Unlike many mechanistically diverse superfamilies, GSTs are unique in that sequence conservation appears to be driven by maintenance of fold stability instead of maintenance of catalytic features.  As such, GST active sites are not strictly conserved.  Instead, an extensive constellation of hydrogen bond partners throughout the first sphere and beyond may be responsible for divergent active sites being able to carry out similar reactions (Figure GST1).  


GST Figure 1

Despite the low sequence identity (<10%) amongst GSTs, the tertiary and quaternary structures are remarkably consistent.  All members of the GST superfamily contain an N-terminal thioredoxin-like fold and an α-helical C-terminal region (Figure GST2).  Contacts for GSH binding are largely provided by the thioredoxin-like domain while the α-helical region generally defines the co-substrate binding pocket.  Monomers oligomerize exclusively as homodimers to form the active enzyme although the nature of the interface (e.g. ball/socket, ionic, hydrophobic) varies between classes.

GST Figure 2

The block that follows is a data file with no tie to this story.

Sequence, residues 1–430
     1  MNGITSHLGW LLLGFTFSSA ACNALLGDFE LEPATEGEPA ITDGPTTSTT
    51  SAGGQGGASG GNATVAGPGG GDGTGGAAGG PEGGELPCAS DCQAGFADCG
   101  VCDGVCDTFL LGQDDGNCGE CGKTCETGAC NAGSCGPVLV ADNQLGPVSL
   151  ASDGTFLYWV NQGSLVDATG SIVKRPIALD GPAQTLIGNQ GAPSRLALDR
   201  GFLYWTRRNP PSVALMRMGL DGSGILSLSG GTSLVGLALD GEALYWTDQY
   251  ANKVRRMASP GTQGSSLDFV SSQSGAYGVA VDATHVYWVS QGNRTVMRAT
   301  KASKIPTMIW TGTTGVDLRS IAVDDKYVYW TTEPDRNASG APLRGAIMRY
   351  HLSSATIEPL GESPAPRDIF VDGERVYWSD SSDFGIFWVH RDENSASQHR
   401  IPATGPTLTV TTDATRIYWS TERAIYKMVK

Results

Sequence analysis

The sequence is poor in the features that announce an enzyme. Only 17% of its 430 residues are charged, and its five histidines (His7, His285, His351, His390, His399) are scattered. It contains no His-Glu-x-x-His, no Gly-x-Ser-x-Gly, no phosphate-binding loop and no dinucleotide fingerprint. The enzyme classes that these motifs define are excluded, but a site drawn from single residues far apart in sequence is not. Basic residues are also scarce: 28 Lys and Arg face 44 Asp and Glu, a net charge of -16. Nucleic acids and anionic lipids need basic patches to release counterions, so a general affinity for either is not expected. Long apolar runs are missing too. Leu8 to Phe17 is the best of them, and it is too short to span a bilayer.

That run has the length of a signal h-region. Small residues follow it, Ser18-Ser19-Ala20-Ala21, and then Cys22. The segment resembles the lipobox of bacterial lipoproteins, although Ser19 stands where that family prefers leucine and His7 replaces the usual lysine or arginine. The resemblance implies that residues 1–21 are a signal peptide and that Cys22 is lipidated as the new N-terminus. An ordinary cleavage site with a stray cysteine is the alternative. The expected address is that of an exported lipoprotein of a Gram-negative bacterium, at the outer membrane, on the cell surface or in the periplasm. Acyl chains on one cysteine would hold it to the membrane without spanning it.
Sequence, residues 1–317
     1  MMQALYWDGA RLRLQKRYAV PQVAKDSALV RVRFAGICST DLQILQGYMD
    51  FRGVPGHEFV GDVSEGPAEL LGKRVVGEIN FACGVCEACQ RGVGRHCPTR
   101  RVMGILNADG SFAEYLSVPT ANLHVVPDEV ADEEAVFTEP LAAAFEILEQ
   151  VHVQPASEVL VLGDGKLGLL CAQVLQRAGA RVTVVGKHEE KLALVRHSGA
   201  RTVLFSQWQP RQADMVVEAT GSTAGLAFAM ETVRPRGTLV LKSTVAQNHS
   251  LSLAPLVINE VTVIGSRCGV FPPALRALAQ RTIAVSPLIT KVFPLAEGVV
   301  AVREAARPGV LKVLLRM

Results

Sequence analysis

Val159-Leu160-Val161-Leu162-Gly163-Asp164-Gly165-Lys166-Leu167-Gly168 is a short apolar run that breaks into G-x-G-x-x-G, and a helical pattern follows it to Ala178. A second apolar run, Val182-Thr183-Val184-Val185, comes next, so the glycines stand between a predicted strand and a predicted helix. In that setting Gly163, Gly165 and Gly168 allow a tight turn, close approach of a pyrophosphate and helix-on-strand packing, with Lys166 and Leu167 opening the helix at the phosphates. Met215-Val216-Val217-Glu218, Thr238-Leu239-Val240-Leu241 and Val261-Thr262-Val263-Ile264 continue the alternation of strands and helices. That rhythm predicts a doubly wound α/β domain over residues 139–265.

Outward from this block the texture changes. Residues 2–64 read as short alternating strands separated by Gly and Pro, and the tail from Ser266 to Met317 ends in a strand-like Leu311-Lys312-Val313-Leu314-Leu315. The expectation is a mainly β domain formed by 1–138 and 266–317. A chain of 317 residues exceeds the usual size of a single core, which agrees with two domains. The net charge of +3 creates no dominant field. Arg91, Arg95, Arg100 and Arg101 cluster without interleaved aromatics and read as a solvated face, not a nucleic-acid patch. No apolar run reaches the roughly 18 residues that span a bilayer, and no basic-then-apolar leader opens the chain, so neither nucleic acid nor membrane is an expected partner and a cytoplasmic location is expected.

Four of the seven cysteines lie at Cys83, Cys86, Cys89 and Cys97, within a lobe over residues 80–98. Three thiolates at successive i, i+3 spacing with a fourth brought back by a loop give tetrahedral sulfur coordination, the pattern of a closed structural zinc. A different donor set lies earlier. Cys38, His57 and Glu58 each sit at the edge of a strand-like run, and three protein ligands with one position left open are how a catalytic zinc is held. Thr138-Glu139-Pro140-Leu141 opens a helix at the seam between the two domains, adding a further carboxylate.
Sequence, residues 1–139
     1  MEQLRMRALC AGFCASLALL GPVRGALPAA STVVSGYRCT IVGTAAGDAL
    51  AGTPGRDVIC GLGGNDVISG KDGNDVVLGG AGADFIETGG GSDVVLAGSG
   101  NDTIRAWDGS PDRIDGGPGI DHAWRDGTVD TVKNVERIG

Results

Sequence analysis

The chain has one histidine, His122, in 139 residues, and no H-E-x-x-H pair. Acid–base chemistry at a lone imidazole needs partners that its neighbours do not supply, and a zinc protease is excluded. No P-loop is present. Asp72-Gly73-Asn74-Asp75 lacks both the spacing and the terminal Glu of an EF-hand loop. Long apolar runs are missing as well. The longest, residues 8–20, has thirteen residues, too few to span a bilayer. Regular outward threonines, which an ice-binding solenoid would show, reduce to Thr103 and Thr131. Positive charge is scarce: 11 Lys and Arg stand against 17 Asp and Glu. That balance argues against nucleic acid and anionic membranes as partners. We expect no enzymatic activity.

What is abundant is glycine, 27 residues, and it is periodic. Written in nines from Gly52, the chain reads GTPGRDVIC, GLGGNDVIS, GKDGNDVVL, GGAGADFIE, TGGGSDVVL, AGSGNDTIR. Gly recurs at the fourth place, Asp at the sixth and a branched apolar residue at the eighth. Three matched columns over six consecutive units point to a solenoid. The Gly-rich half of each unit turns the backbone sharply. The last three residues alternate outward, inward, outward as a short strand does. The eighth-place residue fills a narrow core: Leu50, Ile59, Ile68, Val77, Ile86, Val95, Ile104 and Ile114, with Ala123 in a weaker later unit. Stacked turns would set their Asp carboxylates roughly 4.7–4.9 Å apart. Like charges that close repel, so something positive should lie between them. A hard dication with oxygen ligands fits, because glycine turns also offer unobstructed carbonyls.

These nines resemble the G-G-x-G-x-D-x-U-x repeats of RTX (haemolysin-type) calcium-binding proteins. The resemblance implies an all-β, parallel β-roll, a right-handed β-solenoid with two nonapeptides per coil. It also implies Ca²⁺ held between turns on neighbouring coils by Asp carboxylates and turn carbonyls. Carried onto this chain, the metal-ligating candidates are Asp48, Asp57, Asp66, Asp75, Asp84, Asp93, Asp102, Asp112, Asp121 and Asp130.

In accordance with the striking sequence diversity in the GST superfamily, the range of catalytic activities is correspondingly broad.  GSTs have been show to carry out GSH-dependant nucleophilic substitution (SN2, SNAr), epoxide ring opening, conjugate addition, ester thiolysis, isomerization, disulfide-bond reduction, nitrate ester reduction, hydroperoxidase reactions (e.g. Figure GST3).  Although the vast majority of GST superfamily members require GSH as a co-substrate, a few discoveries of GSH-independent reactions have been observed, such as the isomerization of 13-cis-retinoic acid to all-trans retinoic acid by an anomalous Pi class GST from humans.  Non-catalytic functions including intracellular transport and transcriptional regulation have also been described further accentuating the extreme diversity within the GST superfamily.